After the day before going crazy on distance as speed, I idled along and I found myself at Nueva Casas Grandes, I had phoned ahead from Chihuahua at a hostel confirmed they had space and arrived thinking I knew where I was going to be staying the night. “Little did he know…” the hostel owner answered the door in a bad mood, telling me, “no, you need to book a week in advanced” I tried reasoning with him about the conversation we had earlier that morning, he acted in total denial. The longer I stayed in conversation the more flaws I found in the location, cleanliness, type of service I’d receive. I left certainly glad I wasn’t staying there. I checked in to hotel California (and made sure there was a leave policy, one can never be sure with a hotel by that name after The Eagles sang that song), it wasn’t that expensive, it served its purpose.
With now about a hundred miles or so to the border I was buzzing with excitement. The following morning I hit the road with eagerness. The road was uneventful, just a couple of military checkpoints as I got closer to Agua Prieta.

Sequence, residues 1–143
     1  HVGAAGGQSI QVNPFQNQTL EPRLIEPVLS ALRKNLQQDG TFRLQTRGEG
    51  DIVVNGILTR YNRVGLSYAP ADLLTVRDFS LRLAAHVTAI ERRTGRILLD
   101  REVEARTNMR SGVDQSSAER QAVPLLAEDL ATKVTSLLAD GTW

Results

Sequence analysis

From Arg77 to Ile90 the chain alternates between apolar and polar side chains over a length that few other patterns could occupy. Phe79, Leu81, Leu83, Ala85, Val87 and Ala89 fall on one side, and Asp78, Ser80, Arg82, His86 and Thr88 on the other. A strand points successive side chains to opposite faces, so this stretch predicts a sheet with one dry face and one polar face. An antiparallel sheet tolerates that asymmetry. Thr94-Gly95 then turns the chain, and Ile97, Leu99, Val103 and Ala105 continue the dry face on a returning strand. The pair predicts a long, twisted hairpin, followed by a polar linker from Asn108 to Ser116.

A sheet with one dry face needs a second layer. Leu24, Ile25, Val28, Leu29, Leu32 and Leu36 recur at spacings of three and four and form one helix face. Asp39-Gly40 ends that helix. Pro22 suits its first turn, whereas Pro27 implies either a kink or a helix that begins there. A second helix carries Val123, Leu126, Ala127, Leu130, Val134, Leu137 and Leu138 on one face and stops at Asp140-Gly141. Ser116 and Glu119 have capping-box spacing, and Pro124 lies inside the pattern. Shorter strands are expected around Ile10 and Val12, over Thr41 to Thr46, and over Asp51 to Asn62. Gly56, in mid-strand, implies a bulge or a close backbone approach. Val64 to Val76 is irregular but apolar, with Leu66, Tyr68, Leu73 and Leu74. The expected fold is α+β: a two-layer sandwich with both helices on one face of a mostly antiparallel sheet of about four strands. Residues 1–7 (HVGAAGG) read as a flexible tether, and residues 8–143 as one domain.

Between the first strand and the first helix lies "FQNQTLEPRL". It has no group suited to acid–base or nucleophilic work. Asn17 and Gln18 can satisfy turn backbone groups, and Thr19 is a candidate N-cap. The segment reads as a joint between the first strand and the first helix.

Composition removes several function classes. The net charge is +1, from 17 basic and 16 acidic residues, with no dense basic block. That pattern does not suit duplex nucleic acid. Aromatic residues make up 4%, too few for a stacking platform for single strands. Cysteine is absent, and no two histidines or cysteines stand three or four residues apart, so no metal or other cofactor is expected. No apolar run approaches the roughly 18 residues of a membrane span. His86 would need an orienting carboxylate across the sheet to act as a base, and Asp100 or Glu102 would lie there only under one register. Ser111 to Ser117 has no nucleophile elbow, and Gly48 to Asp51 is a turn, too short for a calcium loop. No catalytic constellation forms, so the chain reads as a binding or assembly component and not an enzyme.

Border Crossing

The crossing was a palava, firstly I was in the queue to enter the US for about 20 minutes before I realised it was US customs only, I hadn’t been stamped out of Mexico, and my $400 USD hadn’t been returned to me. I exited the queue and started hunting for the Mexican immigration office. A few backward and forwards and finally I was returned my money. Then, re-enter the queue to the US, this presented complications as I entered the shortest queue, unmarked I wasn’t to know it was for special passes until I rounded the bend. They dealt with me regardless but had to close my lane after the chaos that was to follow, my ESTA (visa waiver for the US), had not been stamped out when I entered Mexico. Again, in my defence, it was a similar situation to this one, the US immigration office wasn’t visible when exiting the US into Mexico in September, and no reminders. I swear it was easier in Africa to do a border crossing than in the Americas.